Gears Tactics however, goes too far in the other direction, making your troops almost indestructible. The ability of your squad members to tank fire and then either revive themselves or be picked up by a fellow squad member with only a minimal impact to their overall health pool for the remainder of that mission does synergise well with the faster, more free flowing movement of Tactics, but also makes the game trivially easy.

There are other, more subtle differences between X-Com and Gears Tactics that can be discussed, but those four in my opinion, are responsible for the largest differences in feel to how the tactical layer plays out.

So far what we’ve talked about can be taken as either a positive or negative spin on traditional Turn-based squad games depending on your own preference, and that’s as it should be, but unfortunately there are some things about Gears Tactics that are simply bad. Almost game-breakingly so.

The big elephant in the room is the Squad Management and Gear Selection mechanic and the weapon modifiers.

The reward for completing each mission is a number of equipment cases that contain randomly generated weapon modifiers. Additional cases can be found and collected in each tactical environment and it won’t be long until you’re swimming in various percentage upgrades to fundamental skills like accuracy or critical damage.

The problem is that each class has a unique weapon, and each unique weapon requires unique upgrades. You can’t put a scope from a Lancer machine gun onto a Retro Lancer machinegun, for example. Each weapon type has 4 modifier slots and to alter each modifier slot you have to be four levels deep in a menu. And that’s just the primary weapons. You can do the same for secondary weapons, grenades and armor, which further breaks down into helmets, chest pieces and legs. It’s an utter shitshow of micromanagement.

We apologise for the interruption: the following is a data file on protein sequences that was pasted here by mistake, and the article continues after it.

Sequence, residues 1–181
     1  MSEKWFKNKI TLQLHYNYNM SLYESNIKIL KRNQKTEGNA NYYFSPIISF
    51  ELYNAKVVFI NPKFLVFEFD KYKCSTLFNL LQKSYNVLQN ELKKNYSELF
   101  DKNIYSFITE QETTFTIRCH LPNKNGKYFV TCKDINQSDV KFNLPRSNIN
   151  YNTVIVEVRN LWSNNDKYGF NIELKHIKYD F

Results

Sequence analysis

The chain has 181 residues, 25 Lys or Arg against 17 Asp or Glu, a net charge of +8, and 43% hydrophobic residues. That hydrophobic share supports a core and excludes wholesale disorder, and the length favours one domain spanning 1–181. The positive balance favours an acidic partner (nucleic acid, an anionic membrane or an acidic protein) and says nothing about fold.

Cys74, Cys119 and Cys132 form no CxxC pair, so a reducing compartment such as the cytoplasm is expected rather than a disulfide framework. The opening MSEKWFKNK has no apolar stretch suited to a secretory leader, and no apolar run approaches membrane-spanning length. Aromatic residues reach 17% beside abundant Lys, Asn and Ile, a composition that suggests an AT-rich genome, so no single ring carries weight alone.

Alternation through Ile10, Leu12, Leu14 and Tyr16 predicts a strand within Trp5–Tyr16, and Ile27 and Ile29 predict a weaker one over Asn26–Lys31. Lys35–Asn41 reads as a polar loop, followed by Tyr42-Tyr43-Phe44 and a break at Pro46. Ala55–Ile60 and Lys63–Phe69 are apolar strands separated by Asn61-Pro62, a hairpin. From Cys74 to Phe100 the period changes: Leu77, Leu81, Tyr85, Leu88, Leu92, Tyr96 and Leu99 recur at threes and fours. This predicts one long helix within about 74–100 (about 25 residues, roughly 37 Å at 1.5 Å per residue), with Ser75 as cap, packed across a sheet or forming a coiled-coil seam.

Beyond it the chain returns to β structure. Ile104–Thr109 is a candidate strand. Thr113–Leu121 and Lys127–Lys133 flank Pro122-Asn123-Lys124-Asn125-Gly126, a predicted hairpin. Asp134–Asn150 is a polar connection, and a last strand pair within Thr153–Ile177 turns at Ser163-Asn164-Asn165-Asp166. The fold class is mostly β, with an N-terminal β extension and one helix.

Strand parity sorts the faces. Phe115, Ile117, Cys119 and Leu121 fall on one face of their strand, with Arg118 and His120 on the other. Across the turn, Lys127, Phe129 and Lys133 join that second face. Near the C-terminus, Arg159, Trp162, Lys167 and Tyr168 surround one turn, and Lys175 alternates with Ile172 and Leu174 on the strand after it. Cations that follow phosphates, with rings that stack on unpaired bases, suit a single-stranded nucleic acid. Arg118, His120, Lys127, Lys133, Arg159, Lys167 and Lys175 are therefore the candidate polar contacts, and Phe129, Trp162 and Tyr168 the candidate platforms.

You typically take out 4 squad members on a mission and once you’ve expanded your roster you’re going have multiple members of each class to pick from. At higher difficulties taking the best equipment you have available is pretty important to being able to reliably deal large damage, so for every mission, for every member on your team, you have to drill down into their particular weapon and from there into each of the 4 modifiers and review and select what you want to take out. It takes a good 5 to 10 minutes each time and only gets longer the more you play and the more modifiers you accumulate because there’s nothing to do with any surplus you have. You’ll have dozens of 5% increases that you’ll never use but you have to scroll through because there isn’t even a sort function.

It’s further complicated that you can’t easily see who’s carrying what modifiers and why, so while you might have 2 snipers on your roster one might specialize in chaining together multiple shots and buffing the ability reload time of squadmates while the other is s single shot high damage machine.

Remembering which modifiers go with which of the myriad of different skills each unit in the same class has without some form of matrix or spreadsheet is tedious in the extreme and is such a jarring change of pace from the fast and fluid combat that I’m absolutely serious when I say that whoever designed this UI should have been fired for it. And whoever approved it should have been fired as well. Preferably into the sun by a very large cannon, because it’s that awful and that out of place in this game. Perhaps we can hope for a patch that will include some improvements in the extremely near future.